Download Now Free registration required
In patent theory, the cost of communicating technical knowledge is small. In human capital theory, it is large. But evidence suggests that these costs are actually endogenous. Firms invest in reducing communication costs, but only when technology is sufficiently advanced. This can make competition different for early stage technologies: patents do not increase innovation incentives, employee mobility matters and inventors might choose to freely exchange knowledge. Behavior and optimal policy differ then. Endogenous communication costs help explain changes in patent propensity, in the geographic localization of innovation and why successful developing countries have difficulty moving to the innovation frontier.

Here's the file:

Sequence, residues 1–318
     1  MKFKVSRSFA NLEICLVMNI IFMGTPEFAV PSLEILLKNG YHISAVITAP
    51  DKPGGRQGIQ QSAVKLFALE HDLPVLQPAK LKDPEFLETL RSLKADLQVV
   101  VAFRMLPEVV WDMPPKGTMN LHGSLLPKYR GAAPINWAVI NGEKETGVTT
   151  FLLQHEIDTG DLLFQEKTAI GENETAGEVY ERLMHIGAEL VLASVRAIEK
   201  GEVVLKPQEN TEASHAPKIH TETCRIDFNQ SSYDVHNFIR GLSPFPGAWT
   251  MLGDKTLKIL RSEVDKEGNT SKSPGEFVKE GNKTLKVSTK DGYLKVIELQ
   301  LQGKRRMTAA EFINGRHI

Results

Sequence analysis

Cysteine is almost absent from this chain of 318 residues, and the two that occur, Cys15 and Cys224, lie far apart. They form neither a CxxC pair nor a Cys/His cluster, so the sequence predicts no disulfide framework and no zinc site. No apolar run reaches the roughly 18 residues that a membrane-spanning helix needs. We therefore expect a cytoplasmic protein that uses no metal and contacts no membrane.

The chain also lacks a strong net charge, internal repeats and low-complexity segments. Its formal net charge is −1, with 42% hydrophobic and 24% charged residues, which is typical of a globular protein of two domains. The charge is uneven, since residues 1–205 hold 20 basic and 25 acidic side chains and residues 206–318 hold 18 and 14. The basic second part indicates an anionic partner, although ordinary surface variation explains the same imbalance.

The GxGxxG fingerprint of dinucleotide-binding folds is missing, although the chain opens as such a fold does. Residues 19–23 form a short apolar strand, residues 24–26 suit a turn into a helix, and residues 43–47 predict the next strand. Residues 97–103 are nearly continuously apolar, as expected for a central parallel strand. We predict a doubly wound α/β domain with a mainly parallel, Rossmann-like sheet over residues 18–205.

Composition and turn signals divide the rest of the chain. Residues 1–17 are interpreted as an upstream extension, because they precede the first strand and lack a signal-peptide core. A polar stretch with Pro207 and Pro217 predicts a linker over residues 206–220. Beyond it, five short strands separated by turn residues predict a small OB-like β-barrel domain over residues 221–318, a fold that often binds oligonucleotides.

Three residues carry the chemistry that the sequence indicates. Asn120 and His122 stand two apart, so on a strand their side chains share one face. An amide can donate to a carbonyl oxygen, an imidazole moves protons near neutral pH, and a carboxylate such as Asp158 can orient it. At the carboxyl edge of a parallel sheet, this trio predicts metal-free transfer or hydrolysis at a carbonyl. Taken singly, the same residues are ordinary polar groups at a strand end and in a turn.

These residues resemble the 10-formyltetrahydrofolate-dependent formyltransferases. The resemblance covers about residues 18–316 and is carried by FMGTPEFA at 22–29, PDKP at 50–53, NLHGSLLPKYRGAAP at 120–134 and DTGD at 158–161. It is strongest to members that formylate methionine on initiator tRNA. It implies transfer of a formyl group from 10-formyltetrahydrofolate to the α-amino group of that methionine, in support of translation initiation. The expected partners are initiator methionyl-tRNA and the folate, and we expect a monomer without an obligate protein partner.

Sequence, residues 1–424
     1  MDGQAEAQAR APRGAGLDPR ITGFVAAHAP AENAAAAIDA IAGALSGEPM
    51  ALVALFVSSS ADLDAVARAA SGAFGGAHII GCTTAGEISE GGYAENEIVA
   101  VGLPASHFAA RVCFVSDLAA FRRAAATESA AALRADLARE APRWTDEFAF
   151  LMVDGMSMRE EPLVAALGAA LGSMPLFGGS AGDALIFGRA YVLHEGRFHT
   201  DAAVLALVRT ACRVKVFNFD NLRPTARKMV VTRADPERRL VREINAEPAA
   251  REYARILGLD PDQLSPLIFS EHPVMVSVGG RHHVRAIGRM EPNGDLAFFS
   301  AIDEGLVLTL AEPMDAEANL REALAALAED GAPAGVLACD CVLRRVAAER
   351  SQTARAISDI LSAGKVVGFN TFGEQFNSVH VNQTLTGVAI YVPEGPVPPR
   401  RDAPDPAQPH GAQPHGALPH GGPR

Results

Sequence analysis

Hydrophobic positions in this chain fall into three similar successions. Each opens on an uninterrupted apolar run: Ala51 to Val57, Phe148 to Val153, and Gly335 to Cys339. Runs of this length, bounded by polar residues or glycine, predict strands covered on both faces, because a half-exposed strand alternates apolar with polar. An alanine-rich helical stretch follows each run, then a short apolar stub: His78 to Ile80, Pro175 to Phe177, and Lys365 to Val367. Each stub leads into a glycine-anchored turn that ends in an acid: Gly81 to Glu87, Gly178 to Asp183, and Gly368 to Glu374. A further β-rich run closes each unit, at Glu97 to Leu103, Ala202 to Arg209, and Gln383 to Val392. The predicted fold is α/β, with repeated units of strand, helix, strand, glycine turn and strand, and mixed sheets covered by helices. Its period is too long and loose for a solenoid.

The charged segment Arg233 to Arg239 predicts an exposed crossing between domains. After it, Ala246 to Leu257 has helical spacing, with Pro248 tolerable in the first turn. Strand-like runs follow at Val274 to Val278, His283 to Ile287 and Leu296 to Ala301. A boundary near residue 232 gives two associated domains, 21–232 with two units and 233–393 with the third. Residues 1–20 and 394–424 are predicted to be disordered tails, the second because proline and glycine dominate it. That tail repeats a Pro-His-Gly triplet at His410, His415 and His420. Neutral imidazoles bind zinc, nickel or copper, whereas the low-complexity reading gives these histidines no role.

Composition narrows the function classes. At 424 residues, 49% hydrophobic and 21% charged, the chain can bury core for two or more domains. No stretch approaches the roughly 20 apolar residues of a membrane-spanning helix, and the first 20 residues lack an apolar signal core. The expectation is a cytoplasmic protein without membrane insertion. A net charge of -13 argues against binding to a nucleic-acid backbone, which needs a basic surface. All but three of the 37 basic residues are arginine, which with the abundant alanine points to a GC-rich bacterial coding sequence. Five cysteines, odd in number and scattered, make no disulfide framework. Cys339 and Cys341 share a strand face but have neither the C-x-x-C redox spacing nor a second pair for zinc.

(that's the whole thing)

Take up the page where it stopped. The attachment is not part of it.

- Format: PDF
- Size: 407.8 KB